I would say though, that if being a friendly, accepting and easy going dog with dogs and people in all circumstances is important to you it would probably be best to avoid most guardian breeds, many but not all of the herders and pretty much the entire terrier group. Not because it is impossible to get a Dobe that would fit what you want but because you'd be better to go with a breed where the things you like in a dog are part of the breed's character and actively being bred for.
     
  12. SizzleDog

    SizzleDog Lord Cynical

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    Huge Chests = not all show lines have these, but it seems like the South American dogs made it more common. I despise pigeon chests, which many people see as correct but really aren't. They're supposed to have deep chests, but not so deep they look like they're deformed in some way. I like my dobes' chests:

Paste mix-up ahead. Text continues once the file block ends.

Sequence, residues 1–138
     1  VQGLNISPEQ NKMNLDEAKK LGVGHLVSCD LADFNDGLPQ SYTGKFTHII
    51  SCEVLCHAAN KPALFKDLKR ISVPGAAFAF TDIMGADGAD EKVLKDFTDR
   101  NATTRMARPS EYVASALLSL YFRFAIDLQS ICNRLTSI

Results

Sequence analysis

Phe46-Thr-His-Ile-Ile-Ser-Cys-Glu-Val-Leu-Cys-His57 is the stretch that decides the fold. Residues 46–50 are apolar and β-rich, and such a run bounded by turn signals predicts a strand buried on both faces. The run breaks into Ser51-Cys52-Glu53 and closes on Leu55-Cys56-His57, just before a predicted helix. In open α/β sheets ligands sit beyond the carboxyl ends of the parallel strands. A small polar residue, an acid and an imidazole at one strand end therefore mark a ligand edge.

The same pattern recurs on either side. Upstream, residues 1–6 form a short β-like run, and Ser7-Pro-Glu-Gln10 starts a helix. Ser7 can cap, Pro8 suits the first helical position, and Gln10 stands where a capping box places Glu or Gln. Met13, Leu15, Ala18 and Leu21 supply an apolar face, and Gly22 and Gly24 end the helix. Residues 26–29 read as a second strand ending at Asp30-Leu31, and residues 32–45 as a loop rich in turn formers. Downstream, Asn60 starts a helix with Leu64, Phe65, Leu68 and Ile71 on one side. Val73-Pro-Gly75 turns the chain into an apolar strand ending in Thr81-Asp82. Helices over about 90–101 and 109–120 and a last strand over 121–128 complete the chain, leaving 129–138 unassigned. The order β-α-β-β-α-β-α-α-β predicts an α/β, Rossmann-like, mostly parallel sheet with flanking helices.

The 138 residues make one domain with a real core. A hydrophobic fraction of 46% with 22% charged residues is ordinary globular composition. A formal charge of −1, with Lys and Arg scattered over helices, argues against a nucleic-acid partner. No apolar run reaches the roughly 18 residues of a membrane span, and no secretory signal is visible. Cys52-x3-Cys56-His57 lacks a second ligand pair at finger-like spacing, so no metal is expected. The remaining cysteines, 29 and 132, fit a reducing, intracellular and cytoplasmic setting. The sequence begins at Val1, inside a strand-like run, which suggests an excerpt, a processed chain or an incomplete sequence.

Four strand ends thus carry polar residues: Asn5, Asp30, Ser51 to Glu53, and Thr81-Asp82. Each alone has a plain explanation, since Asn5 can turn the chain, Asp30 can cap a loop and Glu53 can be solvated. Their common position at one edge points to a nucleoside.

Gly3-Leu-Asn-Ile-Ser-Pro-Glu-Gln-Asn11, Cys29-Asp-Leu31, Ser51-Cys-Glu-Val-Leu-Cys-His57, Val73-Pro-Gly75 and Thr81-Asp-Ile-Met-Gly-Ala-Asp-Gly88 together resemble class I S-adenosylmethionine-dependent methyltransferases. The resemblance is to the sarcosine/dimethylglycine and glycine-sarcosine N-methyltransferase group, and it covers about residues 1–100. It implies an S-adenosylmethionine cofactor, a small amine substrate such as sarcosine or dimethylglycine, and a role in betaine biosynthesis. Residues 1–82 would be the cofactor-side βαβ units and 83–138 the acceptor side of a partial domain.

[​IMG]

    Devotion for devotion's sake... GREAT way to describe the breed. It's a key feature. :)

    There are plenty of breeders out there that have a great balance of looks, temperament, health and drive. The trick is just knowing where to look... and in that case, having a good resource who has been in the breed for awhile is your best bet. ;)

    I don't want to say SSA is "different" in dobes, because it's not. But it is a bt more complex than what you might think. My dobes are SSA, and yet I can bring dogs into my house and have no issues. I can also take them out in public with no issues. It's.... complicated. LOL. When I have more time, I'll try to explain it more.